High Court Bans Execution for Child Rape

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The U.S. Supreme Court on Wednesday banned the death sentence for any criminal convicted of raping a child.

The 5 to 4 vote overturned a Louisiana law that allowed the death penalty in such cases. The court said the application of the death penalty in rape cases is a clear violation of the Eighth Amendment to the U.S. Constitution, which outlaws cruel and unusual punishment.

For more on this ruling, watch Horace Cooper, with the American Civil Rights Union.

Justice Anthony Kennedy wrote in the majority decision that "the death penalty is not a proportional punishment for the rape of a child."

"Society's desire to inflict death for child rape by enlisting the child victim to assist it over the course of years in asking for capital punishment forces a moral choice on the child, who is not of mature age to make that choice," Justice Kennedy wrote.

Currently 45 states ban the death penalty for any type of rape. Montana, Oklahoma, South Carolina and Texas allowed the death sentence to be applied, but only if the defendant was a repeat offender with a child rape conviction.

The Dissent

In the Louisiana case, the lawmakers who crafted the law said that due to the heinous nature of the crime, the tendency of society was to veer toward the death sentence. This was also mentioned by Justice Samuel Alito when he wrote the minority dissent.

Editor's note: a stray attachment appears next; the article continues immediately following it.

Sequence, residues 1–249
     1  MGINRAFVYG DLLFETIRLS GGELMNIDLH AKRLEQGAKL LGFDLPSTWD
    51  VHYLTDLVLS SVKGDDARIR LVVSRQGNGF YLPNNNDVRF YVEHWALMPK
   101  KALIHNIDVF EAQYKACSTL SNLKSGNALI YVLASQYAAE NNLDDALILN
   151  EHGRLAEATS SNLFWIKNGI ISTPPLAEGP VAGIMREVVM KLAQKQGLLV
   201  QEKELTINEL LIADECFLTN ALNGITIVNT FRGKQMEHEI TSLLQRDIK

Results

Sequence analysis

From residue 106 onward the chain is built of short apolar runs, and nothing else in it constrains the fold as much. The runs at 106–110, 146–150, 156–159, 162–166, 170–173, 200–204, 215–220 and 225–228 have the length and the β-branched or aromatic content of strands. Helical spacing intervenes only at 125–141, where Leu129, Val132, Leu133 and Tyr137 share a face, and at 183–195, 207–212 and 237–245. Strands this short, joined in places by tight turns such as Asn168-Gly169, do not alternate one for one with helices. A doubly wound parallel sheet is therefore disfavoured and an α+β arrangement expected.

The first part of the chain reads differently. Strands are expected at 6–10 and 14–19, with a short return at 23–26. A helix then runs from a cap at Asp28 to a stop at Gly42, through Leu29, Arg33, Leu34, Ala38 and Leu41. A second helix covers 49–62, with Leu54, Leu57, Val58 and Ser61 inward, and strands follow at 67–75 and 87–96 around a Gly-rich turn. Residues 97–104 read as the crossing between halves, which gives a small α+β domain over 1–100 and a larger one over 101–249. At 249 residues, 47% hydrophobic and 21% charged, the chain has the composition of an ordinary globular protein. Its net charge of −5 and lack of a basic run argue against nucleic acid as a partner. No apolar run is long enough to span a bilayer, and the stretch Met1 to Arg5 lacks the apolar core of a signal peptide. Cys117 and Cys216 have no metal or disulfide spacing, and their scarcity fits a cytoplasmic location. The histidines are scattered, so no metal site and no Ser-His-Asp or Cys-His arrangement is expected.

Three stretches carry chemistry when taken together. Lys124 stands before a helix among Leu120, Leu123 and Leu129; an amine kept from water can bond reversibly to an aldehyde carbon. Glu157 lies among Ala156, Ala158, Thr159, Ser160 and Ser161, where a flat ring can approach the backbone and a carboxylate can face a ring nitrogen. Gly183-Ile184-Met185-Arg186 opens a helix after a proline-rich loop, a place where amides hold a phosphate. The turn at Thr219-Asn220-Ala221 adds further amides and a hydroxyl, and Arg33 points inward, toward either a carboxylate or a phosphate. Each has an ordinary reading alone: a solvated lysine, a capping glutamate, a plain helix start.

"The harm that is caused to the victims and to society at large by the worst child rapists is grave," Alito wrote. "It is the judgment of the Louisiana lawmakers and those in an increasing number of other states that these harms justify the death penalty."

Alito also pointed out in his dissent that the majority had ruled out executing someone for raping a child "no matter how young the child, no matter how many times the child is raped, no matter how many children the perpetrator rapes, no matter how sadistic the crime, no matter how much physical or psychological trauma is inflicted, and no matter how heinous the perpetrator's prior criminal record may be."

There has not been an execution in the U.S. since 1964 for a crime not involving the death of the victim.

Kennedy said the absence of any executions for rape and the small number of states that allow it demonstrate "there is a national consensus against capital punishment for the crime of child rape."

The justice wrapped up his opinion writing that in cases of crimes against individuals - as opposed to treason, for example - "the death penalty should not be expanded to instances where the victim's life was not taken."

The decision does not affect the imposition of the death penalty for other crimes that do not involve murder, including treason and espionage, he said.

Sources: The Associated Press, New York Times

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